Once the interior fitout of Emma and Andrew’s apartment was complete, it was time to start adding furniture. The couple had very little in the way of already-accumulated furniture between them, which meant a lengthy list of items that they still needed to buy, make, or otherwise obtain for free.
With a limited budget and a desire to make more sustainable purchasing decisions wherever possible, a lot of furniture items were DIY projects or purchased second hand. When the couple did need to purchase something new, they looked for products boasting solid sustainability credentials (such as GECA certification) wherever possible.
The key was to source pieces that all worked together visually while making the best use of the limited space in the apartment. A second hand couch was refreshed in seconds just by using a cream-coloured throw as a cover and colourful cushions on top. A TV bench was fashioned from painting an old wooden coffee table with leftover paint and putting an offcut from the kitchen benches (made from FSC certified Acacia timber) on top. The same paint was used to quickly freshen up some old timber shelving as well.
“Reusing existing pieces was fantastic, not just for reducing waste, but for our budget as well,” said Andrew, who did the majority of the apartment’s DIY projects himself. “It does take some extra effort, but it’s worth it when you can look around your home and think, ‘I did that!’”
Clever space-saving solutions for the dining area included two newer items. A set of stackable dining chairs with GECA certification from Zenith Interiors, and a folding dining table that can transform from a slim side table to seating up to six people, help keep the living space uncluttered but fully functional. “Most of the time, we have the chairs stacked to one side and only half of the table folded out, since it’s just the two of us,” said Emma.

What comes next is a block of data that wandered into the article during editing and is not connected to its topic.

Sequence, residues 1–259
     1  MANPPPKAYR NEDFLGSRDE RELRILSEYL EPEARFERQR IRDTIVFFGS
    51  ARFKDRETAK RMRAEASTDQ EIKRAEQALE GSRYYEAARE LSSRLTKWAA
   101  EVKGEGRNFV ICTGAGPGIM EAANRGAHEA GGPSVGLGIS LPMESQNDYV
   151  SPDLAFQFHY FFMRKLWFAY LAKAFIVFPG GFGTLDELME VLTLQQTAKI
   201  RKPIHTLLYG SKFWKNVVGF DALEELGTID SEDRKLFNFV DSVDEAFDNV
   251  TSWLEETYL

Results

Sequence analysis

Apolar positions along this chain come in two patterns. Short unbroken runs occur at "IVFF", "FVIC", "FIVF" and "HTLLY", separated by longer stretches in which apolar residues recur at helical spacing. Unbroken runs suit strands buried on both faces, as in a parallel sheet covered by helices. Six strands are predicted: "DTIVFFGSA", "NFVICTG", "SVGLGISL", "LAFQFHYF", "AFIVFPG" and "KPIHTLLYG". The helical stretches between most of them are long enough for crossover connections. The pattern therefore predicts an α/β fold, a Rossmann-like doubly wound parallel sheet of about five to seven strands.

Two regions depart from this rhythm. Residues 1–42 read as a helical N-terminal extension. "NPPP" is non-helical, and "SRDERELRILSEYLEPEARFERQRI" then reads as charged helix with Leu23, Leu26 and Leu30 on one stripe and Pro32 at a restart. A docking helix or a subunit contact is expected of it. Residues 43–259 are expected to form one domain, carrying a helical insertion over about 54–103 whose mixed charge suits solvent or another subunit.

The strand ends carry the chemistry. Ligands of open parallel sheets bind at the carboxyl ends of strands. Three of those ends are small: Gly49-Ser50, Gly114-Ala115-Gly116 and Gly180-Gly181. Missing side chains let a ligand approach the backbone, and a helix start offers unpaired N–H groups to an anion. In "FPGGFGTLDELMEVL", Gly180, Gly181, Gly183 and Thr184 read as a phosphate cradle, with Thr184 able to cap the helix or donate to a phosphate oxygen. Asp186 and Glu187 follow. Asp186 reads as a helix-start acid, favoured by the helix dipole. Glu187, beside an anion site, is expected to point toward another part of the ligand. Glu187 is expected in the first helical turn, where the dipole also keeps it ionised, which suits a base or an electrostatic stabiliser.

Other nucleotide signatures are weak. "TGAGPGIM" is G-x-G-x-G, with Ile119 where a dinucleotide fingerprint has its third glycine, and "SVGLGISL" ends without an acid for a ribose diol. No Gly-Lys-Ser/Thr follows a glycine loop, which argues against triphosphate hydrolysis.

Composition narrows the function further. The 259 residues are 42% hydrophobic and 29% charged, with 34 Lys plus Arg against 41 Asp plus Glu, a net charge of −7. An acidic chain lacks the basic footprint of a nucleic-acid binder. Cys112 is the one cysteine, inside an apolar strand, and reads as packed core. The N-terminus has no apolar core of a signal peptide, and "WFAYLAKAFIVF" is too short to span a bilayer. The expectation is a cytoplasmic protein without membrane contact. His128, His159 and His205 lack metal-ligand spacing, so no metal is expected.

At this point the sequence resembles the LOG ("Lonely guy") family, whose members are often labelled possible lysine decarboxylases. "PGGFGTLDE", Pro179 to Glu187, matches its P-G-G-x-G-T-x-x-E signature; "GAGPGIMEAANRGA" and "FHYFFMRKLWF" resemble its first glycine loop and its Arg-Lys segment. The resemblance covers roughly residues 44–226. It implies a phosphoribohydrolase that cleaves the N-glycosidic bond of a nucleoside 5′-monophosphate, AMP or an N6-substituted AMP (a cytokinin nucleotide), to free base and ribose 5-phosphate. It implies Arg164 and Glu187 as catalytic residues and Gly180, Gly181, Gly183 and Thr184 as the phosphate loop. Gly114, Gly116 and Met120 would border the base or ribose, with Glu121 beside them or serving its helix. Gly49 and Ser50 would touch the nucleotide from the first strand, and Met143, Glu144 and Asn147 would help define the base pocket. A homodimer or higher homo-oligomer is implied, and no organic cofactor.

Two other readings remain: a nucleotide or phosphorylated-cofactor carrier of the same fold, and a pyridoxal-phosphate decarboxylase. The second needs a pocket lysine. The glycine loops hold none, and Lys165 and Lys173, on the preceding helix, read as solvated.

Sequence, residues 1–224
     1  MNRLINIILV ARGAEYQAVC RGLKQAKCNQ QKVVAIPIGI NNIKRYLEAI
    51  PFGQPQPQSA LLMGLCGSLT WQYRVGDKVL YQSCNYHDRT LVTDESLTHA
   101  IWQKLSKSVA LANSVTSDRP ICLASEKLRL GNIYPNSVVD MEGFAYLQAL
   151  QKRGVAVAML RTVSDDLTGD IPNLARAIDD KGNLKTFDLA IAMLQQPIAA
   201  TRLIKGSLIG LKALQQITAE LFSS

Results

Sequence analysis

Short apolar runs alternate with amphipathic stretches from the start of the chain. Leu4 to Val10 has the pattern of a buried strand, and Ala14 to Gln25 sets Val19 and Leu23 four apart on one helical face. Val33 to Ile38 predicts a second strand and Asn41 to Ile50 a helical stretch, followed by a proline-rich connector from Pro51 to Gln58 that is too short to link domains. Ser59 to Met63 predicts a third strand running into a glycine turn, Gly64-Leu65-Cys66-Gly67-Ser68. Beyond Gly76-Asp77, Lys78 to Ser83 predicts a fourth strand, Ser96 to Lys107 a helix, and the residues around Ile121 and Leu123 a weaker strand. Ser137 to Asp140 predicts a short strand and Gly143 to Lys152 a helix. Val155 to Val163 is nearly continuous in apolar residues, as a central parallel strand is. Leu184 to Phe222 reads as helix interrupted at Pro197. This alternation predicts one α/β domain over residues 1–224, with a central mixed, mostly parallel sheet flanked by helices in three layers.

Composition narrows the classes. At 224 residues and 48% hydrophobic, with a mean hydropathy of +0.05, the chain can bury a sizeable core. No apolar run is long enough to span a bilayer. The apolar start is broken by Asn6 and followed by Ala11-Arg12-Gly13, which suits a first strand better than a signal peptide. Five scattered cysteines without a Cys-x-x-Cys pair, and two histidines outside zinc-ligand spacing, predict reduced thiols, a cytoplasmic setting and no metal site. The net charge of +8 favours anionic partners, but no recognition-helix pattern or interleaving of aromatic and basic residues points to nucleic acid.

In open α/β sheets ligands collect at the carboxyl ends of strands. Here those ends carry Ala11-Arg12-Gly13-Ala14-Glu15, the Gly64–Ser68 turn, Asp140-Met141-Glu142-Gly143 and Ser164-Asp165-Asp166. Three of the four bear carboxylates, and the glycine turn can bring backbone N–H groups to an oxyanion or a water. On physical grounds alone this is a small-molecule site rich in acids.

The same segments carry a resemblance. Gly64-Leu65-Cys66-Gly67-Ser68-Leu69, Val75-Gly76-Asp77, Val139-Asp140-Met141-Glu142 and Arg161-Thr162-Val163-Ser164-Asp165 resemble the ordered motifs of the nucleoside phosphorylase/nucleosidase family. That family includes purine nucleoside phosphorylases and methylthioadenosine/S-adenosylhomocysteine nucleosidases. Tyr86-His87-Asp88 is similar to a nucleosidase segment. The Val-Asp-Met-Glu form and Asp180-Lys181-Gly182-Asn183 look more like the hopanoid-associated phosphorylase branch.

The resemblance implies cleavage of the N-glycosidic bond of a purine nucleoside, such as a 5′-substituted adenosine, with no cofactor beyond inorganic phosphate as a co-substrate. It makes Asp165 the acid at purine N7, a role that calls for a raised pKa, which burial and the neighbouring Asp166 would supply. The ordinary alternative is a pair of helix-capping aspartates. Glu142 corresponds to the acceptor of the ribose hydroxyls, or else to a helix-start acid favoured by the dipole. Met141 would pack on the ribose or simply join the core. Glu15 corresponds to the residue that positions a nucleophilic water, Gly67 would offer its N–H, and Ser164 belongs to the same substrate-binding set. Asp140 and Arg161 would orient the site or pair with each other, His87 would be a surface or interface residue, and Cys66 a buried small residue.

Emma and Andrew’s converted flat is evidence that it’s possible to do an eco-friendly home renovation on a budget – and even to do eco-friendly DIY. The majority of the work was done by their family and friends, with just a couple of professionals called in where necessary.
So for anyone else looking to do a similar renovation, what are the best ways to source sustainable furniture and building materials?
For furniture, try choosing second-hand products or make your own wherever possible. There are so many resources out there for finding good quality second hand furniture, from the local op shop to Freecycle.org to Gumtree, or even picking up items from the side of the road during council clean-ups.
Make use of what you already have. Refreshing an old piece of furniture can be as simple as a new coat of paint, or swapping out old hardware for new (such as with door knobs or furniture legs). The Internet is an endless source of DIY tutorials, and you might pick up a new skill!
If you’re sourcing materials for a DIY job, or doing a fitout such as installing a kitchen, pay attention to the credentials of each component. For example, make sure you’re using low- or no-VOC paints. (Again, keep an eye out for the GECA label to ensure the manufacturer’s claims are genuine!) Emma and Andrew’s kitchen bench top is made from FSC-certified Acacia wood and treated with a solution of pure tung oil and citric terpene to provide a natural and environmentally-friendly water-resistant finish.
When buying new products, looking for the GECA ecolabel demonstrates that a product meets GECA’s strict environmental, health and social standards. The manufacture, use and disposal of furniture products can have a negative environmental impact caused by anything from the choice of raw materials used, to coatings, textiles, and adhesives. GECA certification ensures that furniture and building products have been manufactured responsibly with minimal impacts on the environment and health.
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